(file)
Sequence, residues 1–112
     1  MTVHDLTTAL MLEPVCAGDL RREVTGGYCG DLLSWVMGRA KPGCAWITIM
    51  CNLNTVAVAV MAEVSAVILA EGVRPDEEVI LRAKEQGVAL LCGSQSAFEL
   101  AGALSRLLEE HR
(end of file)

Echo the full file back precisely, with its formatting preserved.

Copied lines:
Sequence, residues 1–112
     1  MTVHDLTTAL MLEPVCAGDL RREVTGGYCG DLLSWVMGRA KPGCAWITIM
    51  CNLNTVAVAV MAEVSAVILA EGVRPDEEVI LRAKEQGVAL LCGSQSAFEL
   101  AGALSRLLEE HR